The 4 Skills You Must Master to Become a True Business Partner
Great academics? Tick.
Top tier accounting training? Tick.
Moved into industry? Tick.
Been promoted ahead of peers? Tick.
Moved into a commercial business partner role? … A work in progress…
It’s a challenge – and you’re not alone. Accounting’s cool and sexy cousin – commercial finance – is not all that easy to court.
If you’ve been a financial or management accountant most of your career and are seeking to move across into a business partnering role, rather than up into more of the same, there are some crucial, non-technical skills, you must master.
Influencing Without Authority
As a commercial business partner, it’s very unlikely you’ll be managing the people you work most closely with. In fact, you may not manage anyone at all, in the traditional sense. You are likely to be working with stakeholders that sit outside of finance, and ‘in’ the business. And critically, you’ll have to get them to do things for you that will require you to not only advise and engage them but influence them by getting them to see ‘what’s in it for them’.
Becoming the Go-to Advisor
As a business partner, you don’t want to be approaching the Head of Sales after she’s signed a major deal to tell her the profit margins aren’t strong enough. Likewise, you don’t want to be doing what your peers are doing in core finance, and reporting ‘after’ the event. You need people to come to you, before they do anything at all. Playing a role in all business discussions, having visibility over all that is going on, and being that person that people come to as a sounding block, is crucial to your success as a true business partner.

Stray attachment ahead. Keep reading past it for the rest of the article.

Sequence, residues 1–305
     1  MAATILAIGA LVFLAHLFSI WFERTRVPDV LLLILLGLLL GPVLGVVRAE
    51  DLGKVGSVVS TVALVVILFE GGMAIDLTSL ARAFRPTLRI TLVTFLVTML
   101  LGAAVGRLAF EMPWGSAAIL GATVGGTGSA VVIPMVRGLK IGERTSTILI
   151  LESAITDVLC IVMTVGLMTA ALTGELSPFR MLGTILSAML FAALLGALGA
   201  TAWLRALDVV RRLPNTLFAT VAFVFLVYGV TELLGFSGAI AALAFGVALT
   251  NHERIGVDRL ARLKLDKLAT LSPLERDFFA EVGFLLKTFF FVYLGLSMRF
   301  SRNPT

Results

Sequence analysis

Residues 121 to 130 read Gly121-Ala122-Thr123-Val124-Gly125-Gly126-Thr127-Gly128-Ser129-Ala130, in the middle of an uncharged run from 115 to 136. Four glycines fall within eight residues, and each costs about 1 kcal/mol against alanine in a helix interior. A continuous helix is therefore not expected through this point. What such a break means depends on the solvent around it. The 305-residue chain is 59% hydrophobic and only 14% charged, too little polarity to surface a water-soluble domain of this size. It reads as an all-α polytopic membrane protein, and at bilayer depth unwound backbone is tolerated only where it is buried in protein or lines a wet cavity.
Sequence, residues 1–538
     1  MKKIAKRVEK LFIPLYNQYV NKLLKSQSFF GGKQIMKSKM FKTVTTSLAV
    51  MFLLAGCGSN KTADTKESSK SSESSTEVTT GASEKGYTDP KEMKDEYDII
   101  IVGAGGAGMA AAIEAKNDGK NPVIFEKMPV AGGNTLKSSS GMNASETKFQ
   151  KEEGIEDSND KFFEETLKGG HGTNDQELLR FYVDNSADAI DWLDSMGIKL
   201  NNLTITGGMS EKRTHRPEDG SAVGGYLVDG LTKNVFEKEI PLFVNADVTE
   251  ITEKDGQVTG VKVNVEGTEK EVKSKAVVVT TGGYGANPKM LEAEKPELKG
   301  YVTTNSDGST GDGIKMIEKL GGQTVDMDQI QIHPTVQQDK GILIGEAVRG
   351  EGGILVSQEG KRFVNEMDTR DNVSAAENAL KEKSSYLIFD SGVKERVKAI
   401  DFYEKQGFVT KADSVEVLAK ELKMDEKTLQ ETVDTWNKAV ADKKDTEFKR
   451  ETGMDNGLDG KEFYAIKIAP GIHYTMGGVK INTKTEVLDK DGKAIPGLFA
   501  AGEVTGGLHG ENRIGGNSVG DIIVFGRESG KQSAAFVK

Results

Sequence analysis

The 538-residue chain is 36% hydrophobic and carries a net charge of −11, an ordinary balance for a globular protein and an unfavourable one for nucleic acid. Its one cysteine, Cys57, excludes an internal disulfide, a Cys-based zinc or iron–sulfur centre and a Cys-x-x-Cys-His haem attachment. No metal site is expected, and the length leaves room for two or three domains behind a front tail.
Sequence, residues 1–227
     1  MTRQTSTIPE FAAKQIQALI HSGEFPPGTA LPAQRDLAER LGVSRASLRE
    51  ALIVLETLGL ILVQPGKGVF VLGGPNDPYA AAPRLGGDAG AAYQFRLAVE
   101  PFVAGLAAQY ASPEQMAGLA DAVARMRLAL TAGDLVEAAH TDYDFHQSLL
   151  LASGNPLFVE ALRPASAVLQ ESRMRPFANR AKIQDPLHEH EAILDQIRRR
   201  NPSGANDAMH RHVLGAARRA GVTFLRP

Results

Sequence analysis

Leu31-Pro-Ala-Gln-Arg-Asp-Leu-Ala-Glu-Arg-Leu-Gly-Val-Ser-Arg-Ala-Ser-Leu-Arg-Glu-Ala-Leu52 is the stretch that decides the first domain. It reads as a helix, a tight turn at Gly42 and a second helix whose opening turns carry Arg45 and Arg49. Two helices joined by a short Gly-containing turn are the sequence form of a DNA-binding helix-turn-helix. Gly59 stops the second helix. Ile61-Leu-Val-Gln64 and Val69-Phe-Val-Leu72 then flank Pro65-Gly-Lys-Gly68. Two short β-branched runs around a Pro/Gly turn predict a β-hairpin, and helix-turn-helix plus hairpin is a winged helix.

Using Emotional Intelligence and Empathy
When you need to get someone to act, or change approach, you can’t just tell them. Just like you need to influence without direct authority, you need to up your emotional quotient (EQ) to build the type of relationship with your business partner that is not just based on expertise but trust, rapport and respect. To do this, you must work with empathy and with emotional intelligence to connect with your counterparts on a human, not a technical, level.
Not Being Afraid to Challenge
When partnering with a division outside of your area of expertise, it can be difficult to challenge a strategy or action. Especially if you’re more junior or less experienced in handling the robust types of conversations that business partners need to have with their stakeholders. Ultimately, however, your role is to challenge, as well as to guide, to ensure the viability and integrity of any actions or strategies deployed by the business. If your challenge is proved wrong, it really shouldn’t be an issue – without it, the repercussions may be far more serious. In short, trust your expertise, that’s what they are paying you for.
Above all, the role requires an ability to think outside of the box. Traditional solutions are not the playing field of the commercial business partner. You are essentially an innovator as well as a guardian, and responsible for helping the business to understand where it needs to change, while ensuring commercial achievement, minimal operational disruption and negligible financial risk.
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